Apple Mail alternatives
If Mail isn’t meeting your email expectations, try these excellent alternatives to Apple’s app
What’s the best email app for OS X?
When it works, Apple Mail is a wonderful email app, but for many of us it doesn’t always work the way we’d like it to. It has a rocky relationship with third-party services such as Gmail, it occasionally goes in a huff for no good reason, and it isn’t as customisable as some of its rivals.
If you’re thinking of switching to another email app, it’s important to know what’s involved. Yosemite can be huffy when you switch the default app. For example, Pages’ option to share a document by email disappears if Apple’s own app isn’t set as the default, and the equivalent option in other apps stop doing anything. You’ll usually need to recreate any rules, filters and spam training, and of course it’s a good idea to ensure you have a backup if you store important emails on your Mac rather than in the cloud.
We’ve looked at six major email programs here. Some you’re probably familiar with – Thunderbolt is so old Moses probably used it on his tablet, and the refreshed and revitalised Outlook has been a Mac stalwart for many years – while others may be new faces. Unibox makes email look like iMessage or your favourite chat app, Postbox takes Thunderbird’s engine and makes it sparkly and modern, Airmail is a stylish Yosemite app that’s very similar to the sadly defunct Sparrow, and Mailbox is Dropbox’s unusual and innovative answer to email overload.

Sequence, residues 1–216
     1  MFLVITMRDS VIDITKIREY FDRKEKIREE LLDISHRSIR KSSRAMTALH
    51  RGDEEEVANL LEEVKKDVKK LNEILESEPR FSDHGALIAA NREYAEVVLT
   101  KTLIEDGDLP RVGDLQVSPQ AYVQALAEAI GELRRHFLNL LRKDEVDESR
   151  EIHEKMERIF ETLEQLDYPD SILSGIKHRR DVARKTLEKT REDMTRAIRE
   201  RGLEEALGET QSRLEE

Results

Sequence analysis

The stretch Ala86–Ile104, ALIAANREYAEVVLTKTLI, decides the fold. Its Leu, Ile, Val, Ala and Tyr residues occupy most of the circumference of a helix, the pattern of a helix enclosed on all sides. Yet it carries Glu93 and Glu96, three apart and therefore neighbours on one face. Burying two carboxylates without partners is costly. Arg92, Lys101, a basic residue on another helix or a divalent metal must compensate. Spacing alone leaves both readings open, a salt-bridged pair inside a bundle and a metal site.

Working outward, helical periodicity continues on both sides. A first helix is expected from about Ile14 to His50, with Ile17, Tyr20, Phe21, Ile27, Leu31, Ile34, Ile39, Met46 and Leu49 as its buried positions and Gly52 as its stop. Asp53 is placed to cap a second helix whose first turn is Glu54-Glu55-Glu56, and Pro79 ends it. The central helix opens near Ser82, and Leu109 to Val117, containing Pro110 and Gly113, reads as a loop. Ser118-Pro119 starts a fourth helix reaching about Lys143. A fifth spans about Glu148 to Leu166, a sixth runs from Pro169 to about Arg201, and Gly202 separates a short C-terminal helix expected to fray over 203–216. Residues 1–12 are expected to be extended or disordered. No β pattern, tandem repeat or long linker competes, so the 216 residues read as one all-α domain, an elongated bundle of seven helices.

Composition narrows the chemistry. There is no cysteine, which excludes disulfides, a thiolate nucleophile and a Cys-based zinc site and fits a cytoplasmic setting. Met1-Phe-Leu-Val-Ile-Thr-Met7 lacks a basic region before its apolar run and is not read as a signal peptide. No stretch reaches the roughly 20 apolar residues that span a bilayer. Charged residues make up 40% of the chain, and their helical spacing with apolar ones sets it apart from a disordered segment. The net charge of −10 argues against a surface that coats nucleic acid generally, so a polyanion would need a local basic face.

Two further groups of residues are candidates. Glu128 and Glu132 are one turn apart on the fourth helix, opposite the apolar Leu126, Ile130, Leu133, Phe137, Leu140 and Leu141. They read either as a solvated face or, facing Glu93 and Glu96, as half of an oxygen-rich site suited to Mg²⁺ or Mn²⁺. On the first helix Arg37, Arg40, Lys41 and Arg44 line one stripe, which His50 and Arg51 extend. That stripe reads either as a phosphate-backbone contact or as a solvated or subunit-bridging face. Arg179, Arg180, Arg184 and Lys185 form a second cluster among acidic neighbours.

There isn’t a bad app here, but there are big differences in what they do and the kind of users they are aimed at. Where Mailbox is deliberately simple, Outlook wears its corporate colours with pride. Unibox is innovative and a lot of fun, and Postbox has a huge selection of tools to help you tame your inbox, but takes time to learn.
In this group test we’ll compare the different apps on several key areas: how easy they are to set up and use, what tools they offer to organise your email, what extra features they deliver and how pleasant they are to use. Gary Marshall
There isn’t a bad app here, but there are big differences in what they do and who they’re best for